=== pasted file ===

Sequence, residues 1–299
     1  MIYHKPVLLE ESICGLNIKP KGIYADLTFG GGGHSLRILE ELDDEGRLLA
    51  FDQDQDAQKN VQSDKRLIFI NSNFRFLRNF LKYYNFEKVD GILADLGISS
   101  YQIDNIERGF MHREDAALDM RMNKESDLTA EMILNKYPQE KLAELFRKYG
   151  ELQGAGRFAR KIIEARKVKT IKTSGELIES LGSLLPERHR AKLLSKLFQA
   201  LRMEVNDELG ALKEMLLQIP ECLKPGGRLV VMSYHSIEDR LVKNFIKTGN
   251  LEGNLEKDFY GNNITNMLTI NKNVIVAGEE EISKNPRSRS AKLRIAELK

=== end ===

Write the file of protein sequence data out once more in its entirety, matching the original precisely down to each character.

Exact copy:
Sequence, residues 1–299
     1  MIYHKPVLLE ESICGLNIKP KGIYADLTFG GGGHSLRILE ELDDEGRLLA
    51  FDQDQDAQKN VQSDKRLIFI NSNFRFLRNF LKYYNFEKVD GILADLGISS
   101  YQIDNIERGF MHREDAALDM RMNKESDLTA EMILNKYPQE KLAELFRKYG
   151  ELQGAGRFAR KIIEARKVKT IKTSGELIES LGSLLPERHR AKLLSKLFQA
   201  LRMEVNDELG ALKEMLLQIP ECLKPGGRLV VMSYHSIEDR LVKNFIKTGN
   251  LEGNLEKDFY GNNITNMLTI NKNVIVAGEE EISKNPRSRS AKLRIAELK